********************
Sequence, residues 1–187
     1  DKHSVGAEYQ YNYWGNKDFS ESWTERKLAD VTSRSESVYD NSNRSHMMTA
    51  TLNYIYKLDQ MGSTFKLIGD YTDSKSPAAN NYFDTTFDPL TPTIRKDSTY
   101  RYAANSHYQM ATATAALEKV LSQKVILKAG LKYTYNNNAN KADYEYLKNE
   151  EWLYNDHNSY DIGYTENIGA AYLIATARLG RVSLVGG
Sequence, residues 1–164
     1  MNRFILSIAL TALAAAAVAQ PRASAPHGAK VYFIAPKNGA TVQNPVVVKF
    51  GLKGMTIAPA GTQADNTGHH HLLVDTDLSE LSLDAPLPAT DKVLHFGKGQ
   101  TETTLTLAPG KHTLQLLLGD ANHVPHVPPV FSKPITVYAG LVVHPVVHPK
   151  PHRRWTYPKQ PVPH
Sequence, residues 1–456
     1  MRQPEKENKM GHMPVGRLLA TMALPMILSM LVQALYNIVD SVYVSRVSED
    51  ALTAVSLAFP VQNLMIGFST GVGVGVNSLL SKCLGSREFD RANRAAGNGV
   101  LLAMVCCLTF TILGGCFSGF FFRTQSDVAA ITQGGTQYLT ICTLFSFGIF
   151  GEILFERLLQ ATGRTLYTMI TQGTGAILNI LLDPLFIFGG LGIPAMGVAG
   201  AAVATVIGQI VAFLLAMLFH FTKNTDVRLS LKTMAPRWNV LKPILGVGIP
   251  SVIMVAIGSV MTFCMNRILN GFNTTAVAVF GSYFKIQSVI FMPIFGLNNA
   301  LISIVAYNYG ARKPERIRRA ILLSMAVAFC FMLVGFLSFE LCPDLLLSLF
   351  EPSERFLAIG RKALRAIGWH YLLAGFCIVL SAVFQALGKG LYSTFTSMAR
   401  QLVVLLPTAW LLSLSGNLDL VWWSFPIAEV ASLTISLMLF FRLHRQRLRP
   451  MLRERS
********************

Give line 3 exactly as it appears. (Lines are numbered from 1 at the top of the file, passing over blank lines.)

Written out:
    51  TLNYIYKLDQ MGSTFKLIGD YTDSKSPAAN NYFDTTFDPL TPTIRKDSTY